Deb: Over the years, I think I’ve become more relaxed in my teaching style in both large- and small-group settings, seeking to find a balance between completing a lesson in one session and allowing more time for discussion. (It all depends on size of group and time constraints.)

I’m learning that it’s okay to challenge women, especially as they’ve become invested in the group over time, and encourage them to complete between-sessions assignments, while also being careful to communicate that it’s okay to arrive without preparation. (I wouldn’t want a woman to stop attending because she struggles to keep up with the reading or homework.)

I’ve also learned more about the variety of people’s learning styles (visual, auditory, kinesthetic, and reading/writing). To engage different kinds of learners, I use video clips, handouts, object lessons, visual aids like maps or props, take-home projects, discussion starters, and so on, depending on the study topic and the group’s dynamics.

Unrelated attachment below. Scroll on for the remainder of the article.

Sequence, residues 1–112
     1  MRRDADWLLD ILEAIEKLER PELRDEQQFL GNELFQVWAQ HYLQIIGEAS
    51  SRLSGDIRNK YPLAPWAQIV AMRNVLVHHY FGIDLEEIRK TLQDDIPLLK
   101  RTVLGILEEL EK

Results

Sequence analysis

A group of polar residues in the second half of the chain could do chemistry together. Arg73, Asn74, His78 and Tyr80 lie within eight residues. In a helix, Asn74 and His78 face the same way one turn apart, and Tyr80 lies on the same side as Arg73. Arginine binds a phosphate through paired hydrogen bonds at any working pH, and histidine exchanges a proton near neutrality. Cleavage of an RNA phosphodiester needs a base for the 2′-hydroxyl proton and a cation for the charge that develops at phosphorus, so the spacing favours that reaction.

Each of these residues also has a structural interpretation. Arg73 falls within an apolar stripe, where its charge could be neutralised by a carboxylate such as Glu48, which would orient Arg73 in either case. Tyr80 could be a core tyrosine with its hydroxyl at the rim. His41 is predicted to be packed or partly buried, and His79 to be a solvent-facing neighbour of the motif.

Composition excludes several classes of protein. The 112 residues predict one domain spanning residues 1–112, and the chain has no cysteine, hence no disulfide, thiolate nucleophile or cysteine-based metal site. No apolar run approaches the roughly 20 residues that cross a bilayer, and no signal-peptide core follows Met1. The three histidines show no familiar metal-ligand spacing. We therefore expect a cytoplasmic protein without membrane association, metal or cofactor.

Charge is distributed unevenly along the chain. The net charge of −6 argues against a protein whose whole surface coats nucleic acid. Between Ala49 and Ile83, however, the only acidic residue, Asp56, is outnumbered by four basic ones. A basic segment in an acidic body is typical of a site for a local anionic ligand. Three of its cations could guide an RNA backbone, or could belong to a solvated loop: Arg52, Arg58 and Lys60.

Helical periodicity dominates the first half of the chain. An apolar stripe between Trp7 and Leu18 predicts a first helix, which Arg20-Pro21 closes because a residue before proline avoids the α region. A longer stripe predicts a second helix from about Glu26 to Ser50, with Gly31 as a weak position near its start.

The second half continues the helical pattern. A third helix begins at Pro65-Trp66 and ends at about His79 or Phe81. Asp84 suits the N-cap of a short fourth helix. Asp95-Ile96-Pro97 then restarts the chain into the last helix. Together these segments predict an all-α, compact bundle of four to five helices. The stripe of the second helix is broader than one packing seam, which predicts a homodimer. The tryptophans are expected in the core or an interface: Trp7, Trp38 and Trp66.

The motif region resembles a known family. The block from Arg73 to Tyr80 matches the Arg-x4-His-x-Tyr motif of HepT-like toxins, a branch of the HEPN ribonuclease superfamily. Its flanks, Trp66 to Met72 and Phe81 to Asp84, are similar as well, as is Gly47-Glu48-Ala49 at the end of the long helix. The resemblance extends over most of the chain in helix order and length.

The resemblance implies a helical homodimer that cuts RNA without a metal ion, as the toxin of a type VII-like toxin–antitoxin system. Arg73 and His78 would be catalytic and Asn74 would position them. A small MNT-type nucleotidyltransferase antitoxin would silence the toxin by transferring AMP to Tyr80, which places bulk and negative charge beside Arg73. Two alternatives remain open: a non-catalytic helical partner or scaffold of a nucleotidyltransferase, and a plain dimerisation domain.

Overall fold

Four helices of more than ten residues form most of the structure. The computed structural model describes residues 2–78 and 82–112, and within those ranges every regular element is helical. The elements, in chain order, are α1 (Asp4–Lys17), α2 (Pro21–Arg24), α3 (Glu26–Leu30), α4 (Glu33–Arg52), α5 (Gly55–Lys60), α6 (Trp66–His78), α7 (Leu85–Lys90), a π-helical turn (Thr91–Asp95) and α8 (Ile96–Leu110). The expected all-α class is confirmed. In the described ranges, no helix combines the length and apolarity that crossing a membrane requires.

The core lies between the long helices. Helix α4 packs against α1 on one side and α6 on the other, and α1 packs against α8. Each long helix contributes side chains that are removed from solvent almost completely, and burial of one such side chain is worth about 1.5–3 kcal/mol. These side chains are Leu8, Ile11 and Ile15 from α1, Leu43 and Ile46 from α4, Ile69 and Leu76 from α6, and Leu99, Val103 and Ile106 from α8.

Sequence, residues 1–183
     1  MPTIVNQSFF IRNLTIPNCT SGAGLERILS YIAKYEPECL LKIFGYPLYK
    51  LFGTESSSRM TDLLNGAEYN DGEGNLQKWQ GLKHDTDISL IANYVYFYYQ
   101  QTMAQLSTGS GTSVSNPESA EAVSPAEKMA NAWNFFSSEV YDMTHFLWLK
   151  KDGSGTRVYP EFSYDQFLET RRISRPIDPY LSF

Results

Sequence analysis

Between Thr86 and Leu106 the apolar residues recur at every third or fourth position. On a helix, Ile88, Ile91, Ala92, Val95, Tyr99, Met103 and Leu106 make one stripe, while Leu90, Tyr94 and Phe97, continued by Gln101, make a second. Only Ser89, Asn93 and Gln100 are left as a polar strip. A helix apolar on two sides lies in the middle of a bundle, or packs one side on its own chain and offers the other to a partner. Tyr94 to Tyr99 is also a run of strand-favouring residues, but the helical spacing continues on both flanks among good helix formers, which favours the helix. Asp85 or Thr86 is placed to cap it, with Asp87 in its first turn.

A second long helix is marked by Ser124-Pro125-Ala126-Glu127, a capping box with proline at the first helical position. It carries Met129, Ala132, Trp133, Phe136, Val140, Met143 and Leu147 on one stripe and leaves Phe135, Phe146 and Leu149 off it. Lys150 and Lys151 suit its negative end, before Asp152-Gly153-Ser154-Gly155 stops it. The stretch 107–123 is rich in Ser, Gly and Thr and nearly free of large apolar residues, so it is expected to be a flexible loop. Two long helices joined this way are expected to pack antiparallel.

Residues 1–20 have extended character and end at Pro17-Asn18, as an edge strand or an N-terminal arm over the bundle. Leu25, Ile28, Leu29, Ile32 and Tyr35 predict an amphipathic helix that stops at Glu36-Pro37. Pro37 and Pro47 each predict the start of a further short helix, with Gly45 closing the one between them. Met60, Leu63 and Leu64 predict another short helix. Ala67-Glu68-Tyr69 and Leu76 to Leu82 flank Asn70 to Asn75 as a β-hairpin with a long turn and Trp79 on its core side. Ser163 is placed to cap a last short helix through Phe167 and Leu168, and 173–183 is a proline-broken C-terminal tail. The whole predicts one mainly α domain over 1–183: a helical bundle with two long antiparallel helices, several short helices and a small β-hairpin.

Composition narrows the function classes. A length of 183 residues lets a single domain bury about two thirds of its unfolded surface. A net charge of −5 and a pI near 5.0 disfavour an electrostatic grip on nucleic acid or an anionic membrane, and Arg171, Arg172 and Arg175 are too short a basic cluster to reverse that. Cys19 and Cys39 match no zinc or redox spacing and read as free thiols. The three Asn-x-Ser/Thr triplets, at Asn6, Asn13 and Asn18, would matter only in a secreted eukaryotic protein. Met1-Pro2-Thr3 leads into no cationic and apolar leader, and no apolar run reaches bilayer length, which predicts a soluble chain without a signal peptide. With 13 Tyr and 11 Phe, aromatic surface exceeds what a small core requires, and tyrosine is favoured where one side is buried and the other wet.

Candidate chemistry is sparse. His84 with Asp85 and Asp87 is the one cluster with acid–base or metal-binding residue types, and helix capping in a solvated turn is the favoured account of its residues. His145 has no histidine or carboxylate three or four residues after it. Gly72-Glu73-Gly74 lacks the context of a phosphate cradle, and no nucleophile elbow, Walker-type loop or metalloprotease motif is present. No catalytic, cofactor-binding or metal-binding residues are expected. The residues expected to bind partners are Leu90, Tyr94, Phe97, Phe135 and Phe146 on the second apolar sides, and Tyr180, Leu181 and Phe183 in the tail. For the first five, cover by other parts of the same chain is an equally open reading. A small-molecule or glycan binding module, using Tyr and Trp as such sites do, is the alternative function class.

WHAT IS THE BIGGEST CHALLENGE YOU EXPERIENCED AS A BIBLE STUDY LEADER?

Donna: Two challenges come to mind – numbers and materials. Sometimes these challenges arise. Other times these are not challenges at all.

For example, with numbers: Sometimes it is difficult to attract people to spend time together in God’s Word. Apathy and indifference and lifestyle choices appear to keep numbers low. The times when attendance in Bible classes soar are more encouraging and exciting. But either way, I try to remind myself that I’m not in control. Prayer, personal invitation, careful preparation are my responsibility and my privilege. The rest is God’s Word, God’s people, God’s work.

The second challenge is finding just the right material for the group I’m leading. If I know my group well, I will look for materials

  • with sound biblical content
  • that truly engage learners
  • that meet their needs
  • that are appropriate for the age group and life experiences of the group
  • and have a workable format.

Sometimes I find a perfect match for a group. Sometimes it’s more of a challenge. I may need to shorten or adjust or even replace one study with another. But, that’s OK. I’ve learned something helpful for the future.